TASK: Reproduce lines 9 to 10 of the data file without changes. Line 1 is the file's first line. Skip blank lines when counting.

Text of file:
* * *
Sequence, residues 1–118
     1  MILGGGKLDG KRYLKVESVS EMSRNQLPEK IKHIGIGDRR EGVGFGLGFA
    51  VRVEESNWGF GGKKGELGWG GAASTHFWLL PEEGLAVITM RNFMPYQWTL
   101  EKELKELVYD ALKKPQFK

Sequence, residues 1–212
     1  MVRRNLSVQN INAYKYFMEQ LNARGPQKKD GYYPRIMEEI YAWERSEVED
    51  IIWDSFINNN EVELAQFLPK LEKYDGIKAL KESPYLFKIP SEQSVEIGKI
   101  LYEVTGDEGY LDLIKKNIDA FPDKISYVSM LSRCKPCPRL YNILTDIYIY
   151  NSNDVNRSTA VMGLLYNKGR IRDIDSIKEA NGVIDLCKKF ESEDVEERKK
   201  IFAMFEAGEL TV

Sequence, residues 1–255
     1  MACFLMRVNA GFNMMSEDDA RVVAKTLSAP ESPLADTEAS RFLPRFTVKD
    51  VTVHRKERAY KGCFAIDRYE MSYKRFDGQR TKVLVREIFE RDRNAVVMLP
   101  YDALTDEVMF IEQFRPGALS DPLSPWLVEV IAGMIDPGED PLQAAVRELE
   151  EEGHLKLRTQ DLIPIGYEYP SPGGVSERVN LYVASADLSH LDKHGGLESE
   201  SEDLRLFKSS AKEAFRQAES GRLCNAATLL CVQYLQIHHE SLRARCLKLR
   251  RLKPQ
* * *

   151  NSNDVNRSTA VMGLLYNKGR IRDIDSIKEA NGVIDLCKKF ESEDVEERKK
   201  IFAMFEAGEL TV